Pope ex-butler Paolo Gabriele jailed for theft

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Media captionThe BBC's Alan Johnston said it was probable that the Pope would pardon Mr Gabriele, seen here on the right

Pope Benedict's ex-butler Paolo Gabriele has been found guilty of stealing confidential papers from him and sentenced to 18 months in jail.

Prosecutors had called for a three-year sentence but it was reduced because of "mitigating circumstances".

Ahead of the verdict, Gabriele said he acted out of love for the Church and did not see himself as a thief.

He had denied the theft charge but admitted photocopying documents and "betraying the Holy Father's trust".

Gabriele's lawyer Cristiana Arru said she did not intend to appeal against the verdict, Reuters reported.

Her client would serve his sentence under house arrest in his Vatican apartment while awaiting a possible papal pardon, she said.

She was also quoted as saying Gabriele was "serene" about his fate and "ready to accept any consequences".

Gabriele is "very likely" to be pardoned by Pope Benedict, Vatican spokesman Federico Lombardi said, though it is not clear when this might happen.

The former butler was accused of stealing and copying the Pope's documents and leaking them to an Italian journalist.

The BBC's David Willey in Rome says official Vatican media have almost totally ignored the trial since it began and morning radio bulletins have omitted to mention the story.

'High moral motives'

The verdict was delivered after two hours of deliberation by the judges.

Presiding judge Guiseppe Dalla Torre handed down a sentence of three years, then cut it to 18 months citing Gabriele's lack of a criminal record, his apology to the Pope and past services rendered to the Church.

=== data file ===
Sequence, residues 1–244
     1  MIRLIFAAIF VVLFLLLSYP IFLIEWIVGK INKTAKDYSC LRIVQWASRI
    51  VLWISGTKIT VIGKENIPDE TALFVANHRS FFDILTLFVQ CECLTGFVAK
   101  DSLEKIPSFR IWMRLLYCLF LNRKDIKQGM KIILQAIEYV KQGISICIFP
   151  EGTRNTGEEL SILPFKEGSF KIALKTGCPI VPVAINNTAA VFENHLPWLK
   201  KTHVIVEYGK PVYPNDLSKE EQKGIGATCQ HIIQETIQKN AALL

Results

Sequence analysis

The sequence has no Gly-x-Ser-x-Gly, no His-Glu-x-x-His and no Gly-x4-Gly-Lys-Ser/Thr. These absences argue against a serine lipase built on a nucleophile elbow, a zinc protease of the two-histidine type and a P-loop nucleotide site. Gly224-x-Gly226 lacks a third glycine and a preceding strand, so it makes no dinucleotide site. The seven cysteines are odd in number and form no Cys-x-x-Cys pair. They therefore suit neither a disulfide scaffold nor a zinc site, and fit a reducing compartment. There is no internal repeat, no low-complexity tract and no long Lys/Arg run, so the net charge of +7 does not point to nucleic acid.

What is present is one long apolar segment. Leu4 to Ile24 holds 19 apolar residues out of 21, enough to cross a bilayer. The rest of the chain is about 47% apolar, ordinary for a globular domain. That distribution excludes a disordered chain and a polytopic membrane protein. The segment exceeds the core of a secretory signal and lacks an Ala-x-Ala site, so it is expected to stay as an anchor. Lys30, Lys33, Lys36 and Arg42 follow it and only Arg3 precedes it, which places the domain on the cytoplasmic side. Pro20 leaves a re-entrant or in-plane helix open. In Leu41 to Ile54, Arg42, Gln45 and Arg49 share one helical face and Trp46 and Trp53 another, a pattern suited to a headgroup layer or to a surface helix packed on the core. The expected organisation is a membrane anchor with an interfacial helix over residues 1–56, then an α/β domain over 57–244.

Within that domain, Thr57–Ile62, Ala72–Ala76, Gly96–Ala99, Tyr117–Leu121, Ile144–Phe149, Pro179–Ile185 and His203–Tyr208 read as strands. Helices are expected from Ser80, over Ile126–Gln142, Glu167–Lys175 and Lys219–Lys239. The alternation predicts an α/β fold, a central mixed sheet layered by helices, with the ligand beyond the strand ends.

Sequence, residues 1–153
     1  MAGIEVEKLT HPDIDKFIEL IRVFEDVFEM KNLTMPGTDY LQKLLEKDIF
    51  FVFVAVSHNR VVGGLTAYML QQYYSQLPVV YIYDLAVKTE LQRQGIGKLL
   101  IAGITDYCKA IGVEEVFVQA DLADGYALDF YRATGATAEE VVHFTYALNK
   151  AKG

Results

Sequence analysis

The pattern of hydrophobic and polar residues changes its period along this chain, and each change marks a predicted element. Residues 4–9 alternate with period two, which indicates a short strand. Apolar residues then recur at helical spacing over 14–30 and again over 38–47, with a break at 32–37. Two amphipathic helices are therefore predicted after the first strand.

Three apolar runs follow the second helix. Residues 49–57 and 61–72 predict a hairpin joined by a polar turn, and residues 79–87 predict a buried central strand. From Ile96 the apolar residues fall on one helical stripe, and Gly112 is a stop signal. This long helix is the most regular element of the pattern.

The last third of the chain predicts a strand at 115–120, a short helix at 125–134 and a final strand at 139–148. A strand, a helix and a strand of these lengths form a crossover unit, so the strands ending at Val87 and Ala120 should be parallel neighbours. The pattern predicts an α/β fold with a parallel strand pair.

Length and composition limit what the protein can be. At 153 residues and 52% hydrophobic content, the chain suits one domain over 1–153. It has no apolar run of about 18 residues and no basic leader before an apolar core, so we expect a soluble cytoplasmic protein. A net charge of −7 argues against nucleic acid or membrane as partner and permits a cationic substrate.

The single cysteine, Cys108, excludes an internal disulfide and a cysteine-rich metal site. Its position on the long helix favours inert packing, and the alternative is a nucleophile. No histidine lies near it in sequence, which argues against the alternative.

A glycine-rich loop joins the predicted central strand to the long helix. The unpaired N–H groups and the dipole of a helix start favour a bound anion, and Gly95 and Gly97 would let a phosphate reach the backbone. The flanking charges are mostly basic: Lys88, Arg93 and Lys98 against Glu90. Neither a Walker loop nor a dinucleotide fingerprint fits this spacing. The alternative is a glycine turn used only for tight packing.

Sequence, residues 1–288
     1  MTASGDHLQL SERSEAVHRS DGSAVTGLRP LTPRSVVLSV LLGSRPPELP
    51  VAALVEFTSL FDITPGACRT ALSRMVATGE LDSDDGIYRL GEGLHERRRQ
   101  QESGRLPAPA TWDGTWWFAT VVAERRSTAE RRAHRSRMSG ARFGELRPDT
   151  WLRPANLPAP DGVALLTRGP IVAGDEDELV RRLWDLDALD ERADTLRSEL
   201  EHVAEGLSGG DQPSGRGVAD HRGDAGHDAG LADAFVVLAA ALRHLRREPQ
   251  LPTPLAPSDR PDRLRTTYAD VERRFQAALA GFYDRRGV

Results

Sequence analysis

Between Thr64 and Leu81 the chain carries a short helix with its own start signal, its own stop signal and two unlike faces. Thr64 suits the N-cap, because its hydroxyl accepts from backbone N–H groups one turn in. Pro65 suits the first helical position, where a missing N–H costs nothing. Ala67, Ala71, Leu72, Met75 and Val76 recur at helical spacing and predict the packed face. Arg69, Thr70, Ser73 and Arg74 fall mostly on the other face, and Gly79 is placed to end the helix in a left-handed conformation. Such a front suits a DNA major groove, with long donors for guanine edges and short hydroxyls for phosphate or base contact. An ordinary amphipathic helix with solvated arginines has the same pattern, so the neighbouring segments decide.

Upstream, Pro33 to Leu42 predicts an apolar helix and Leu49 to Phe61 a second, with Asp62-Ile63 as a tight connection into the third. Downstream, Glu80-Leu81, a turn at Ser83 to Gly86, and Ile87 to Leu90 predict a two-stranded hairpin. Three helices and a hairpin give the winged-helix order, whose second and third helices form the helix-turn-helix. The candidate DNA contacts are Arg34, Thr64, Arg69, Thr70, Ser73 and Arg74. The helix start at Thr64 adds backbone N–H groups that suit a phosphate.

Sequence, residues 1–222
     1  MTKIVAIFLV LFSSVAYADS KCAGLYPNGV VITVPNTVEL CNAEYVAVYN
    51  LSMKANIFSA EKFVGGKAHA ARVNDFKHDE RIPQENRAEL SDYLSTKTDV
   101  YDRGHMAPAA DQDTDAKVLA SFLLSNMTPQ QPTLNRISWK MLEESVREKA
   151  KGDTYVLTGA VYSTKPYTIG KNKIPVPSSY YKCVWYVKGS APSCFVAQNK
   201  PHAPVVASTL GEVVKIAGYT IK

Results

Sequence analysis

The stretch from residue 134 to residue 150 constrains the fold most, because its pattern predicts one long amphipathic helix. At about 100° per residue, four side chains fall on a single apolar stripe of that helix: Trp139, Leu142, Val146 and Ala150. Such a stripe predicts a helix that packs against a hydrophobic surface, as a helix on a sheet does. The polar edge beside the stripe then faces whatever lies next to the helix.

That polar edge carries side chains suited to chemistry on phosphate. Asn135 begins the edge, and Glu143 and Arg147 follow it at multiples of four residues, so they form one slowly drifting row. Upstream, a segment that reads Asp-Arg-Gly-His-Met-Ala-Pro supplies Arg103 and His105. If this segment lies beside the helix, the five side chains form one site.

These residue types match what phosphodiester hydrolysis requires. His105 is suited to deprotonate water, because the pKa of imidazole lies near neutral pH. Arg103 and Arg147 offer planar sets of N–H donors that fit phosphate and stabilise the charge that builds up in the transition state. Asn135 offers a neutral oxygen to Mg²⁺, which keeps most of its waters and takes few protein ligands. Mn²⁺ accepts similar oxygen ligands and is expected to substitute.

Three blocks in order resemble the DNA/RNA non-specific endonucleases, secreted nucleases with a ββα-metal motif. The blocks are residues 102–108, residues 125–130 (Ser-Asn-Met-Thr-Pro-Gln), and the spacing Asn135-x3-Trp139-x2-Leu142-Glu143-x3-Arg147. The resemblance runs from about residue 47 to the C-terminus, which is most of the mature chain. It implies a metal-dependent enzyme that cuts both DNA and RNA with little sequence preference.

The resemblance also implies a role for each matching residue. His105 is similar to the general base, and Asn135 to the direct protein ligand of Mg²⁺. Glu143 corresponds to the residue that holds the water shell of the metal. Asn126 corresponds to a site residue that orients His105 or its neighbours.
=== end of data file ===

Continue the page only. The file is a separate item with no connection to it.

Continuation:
The former butler will also have to pay court costs out of his own pocket.

Gabriele has now been returned to house arrest inside his Vatican apartment, where he has already been confined for several months.

The verdict brings to an end a week-long trial that has revealed an embarrassing breach of security at the highest levels of the Vatican.

On the last day of the trial, defence and prosecution lawyers gave their closing arguments, and Gabriele made a final appeal.

"The thing I feel most strongly is the conviction of having acted out of visceral love for the Church of Christ and of its leader on earth," he said.

"I do not feel I am a thief."

Ms Arru accused the Vatican police of irregularities and failures during their investigations.

She asked the court to reduce the charge to common theft or illegal possession, saying Gabriele had high moral motives although he had committed an illegal act.

Prosecutor Nicola Picardi had sought a three-year sentence, with an indefinite ban on Gabriele holding public office or positions of authority.

The trial also took an unexpected turn when Gabriele complained of the conditions in which he was held by the Vatican security force after his arrest on 23 May.

The judges ordered an investigation after Gabriele said that for more than two weeks he had been kept in a cell so small that he could not extend his arms, and that the light had been left on day and night.


During testimony, the three presiding judges heard how Gabriele used the photocopier in his shared office next to the Pope's library to copy thousands of documents, taking advantage of his unrivalled access to the pontiff.

He would later pass some on to journalist Gianluigi Nuzzi.

Mr Nuzzi released a best-selling book this year, entitled His Holiness, largely based on the confidential papers and detailing corruption, scandals and infighting.

Its publication sparked the hunt for the source of the leaks inside the Vatican, leading to Gabriele's arrest.

Police also told the court how they found thousands of documents at Gabriele's home, including some original papers bearing the Pope's handwriting. Some had the instruction "destroy" written by the Pope in German on them.

Although Gabriele entered a not guilty plea, prosecutors say he confessed to taking documents during an interrogation in June, a confession he later stood by in court.

He told prosecutors he hoped to reveal alleged corruption at the Vatican, and believed that the Pope was being manipulated.

"I feel guilty of having betrayed the trust of the Holy Father, whom I love as a son would," he told the court earlier this week.

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